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Consultant addresses trends among ASCs
By Richard Bays, RN, MBA, CPHQ, CLNC
R Bays Consulting
Question: As a consultant, you specialize in helping ambulatory surgery centers (ASCs) get in compliance with accreditation and licensing. Are there any parts of the almost two-year-old 2009 Medicare Conditions for Coverage that ASCs are having a difficult time handling?
Answer: Some of the areas I've seen difficulties are in the four outlined below:
§ 416.42 Condition for coverage Surgical services.
Physicians must have been granted clinical privileges by the governing body of the ASC in accordance with approved policies and procedures of the ASC. In reviewing physician files, the problems are one, have they been granted privileges prior to performing surgery and two, was their license verified as current prior to performing cases at the ASC.
§ 416.44 Condition for coverage Environment.
Life Safety Code violations are becoming more frequent as inspectors are focusing more on this area. Physical fire wall penetrations, lack of documentation for fire drills, and fire safety training are the most common items being cited.
§ 416.47 Condition for coverage Medical records.
One of the issues I see during closed record reviews is improperly executed consents. Consents should specify the procedure to be performed, site (right/left), the time and date of execution, the patient's name and name of the witness.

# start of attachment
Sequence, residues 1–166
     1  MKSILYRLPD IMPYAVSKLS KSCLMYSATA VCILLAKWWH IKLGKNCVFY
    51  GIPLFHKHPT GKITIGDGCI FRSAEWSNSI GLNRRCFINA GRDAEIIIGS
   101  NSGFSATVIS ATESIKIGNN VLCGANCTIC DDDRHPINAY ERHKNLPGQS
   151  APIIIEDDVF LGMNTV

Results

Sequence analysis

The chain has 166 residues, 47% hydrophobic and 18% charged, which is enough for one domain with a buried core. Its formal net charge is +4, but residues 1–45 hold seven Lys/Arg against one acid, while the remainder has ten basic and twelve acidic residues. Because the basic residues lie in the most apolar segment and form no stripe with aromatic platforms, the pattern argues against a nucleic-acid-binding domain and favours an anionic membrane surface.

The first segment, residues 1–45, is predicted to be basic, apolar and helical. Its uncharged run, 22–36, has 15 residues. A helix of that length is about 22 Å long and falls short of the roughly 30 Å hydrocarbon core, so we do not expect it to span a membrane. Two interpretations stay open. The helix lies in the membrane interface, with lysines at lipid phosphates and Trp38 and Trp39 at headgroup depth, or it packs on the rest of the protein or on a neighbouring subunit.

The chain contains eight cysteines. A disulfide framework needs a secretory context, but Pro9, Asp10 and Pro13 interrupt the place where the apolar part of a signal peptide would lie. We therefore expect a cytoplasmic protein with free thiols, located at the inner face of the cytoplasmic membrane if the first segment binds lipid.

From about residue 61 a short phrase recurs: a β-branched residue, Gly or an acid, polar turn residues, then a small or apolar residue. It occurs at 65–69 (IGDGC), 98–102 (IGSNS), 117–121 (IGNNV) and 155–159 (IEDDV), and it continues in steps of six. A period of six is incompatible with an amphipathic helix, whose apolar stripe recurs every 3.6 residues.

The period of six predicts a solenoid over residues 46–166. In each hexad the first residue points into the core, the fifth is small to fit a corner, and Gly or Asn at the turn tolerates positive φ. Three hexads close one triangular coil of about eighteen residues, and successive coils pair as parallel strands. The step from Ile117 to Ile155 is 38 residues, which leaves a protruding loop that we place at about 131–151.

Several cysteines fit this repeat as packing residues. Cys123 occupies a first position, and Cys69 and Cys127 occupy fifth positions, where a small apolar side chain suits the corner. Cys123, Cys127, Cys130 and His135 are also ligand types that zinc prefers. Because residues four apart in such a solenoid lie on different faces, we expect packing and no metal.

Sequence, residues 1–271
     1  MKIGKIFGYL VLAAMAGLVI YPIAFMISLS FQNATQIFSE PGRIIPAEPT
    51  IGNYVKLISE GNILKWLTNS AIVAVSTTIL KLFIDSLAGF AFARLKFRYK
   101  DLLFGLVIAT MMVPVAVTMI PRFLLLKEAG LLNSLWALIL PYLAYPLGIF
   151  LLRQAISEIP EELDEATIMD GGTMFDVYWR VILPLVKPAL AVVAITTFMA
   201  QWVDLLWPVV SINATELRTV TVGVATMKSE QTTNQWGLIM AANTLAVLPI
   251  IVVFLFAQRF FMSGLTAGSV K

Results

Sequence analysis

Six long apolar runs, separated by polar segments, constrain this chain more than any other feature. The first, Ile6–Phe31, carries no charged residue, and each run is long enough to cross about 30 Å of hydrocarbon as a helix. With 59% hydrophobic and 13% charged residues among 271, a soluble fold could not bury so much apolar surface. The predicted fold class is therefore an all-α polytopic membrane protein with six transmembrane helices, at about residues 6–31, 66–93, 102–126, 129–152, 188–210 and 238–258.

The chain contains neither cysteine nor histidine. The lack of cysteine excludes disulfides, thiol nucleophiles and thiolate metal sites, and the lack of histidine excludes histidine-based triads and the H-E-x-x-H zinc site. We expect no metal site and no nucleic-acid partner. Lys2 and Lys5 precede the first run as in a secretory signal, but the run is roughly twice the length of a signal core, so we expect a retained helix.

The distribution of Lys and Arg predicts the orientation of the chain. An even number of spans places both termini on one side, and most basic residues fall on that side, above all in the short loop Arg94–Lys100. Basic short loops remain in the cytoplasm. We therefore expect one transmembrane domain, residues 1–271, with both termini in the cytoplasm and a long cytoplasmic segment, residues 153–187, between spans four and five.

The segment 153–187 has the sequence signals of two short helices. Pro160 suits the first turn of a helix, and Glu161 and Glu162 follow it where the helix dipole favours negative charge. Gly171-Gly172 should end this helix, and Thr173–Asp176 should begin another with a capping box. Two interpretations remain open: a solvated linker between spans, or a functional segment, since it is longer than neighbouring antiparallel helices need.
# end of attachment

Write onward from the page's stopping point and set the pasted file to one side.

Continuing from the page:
§ 416.48 Condition for coverage Pharmaceutical services.
Medication administration continues to be an ongoing compliance issue, with anesthesia tending to be the weakest area. Medications should be labeled when they are on the sterile field, multi-dose vials should be labeled when opened, and controlled substances should be accounted for and secured. Expired medications are the no. 1 problem area.
Question: What are some of the most significant trends that you have seen in the ASC industry over the past few years?
Answer: Some of the ASCs are choosing to not accept Medicare patients and relying solely on private insurance and cash pay patients. This model can work, depending on your overall case mix and long-term strategic planning. It also eliminates the accreditation process that most facilities participate in to gain access to CMS/Medicare. Another sometimes painful reality is the need for diversification at some facilities. Many single-specialty ASCs have expanded their services to offer new procedures. Physical expansion or additional equipment costs are weighed into a "repackaging" of the ASC. Some ASCs have explored selling partial interest in the facility or joint ventures with others. The trend recently has been examining a longer-range plan to remain profitable and diligent preparation for possible scenarios revolving around the new healthcare reform that is brewing. Every facility has its own personality; there's no magic bullet. [Editor's note: This article is reprinted with the permission of the Texas Ambulatory Surgery Center Society.]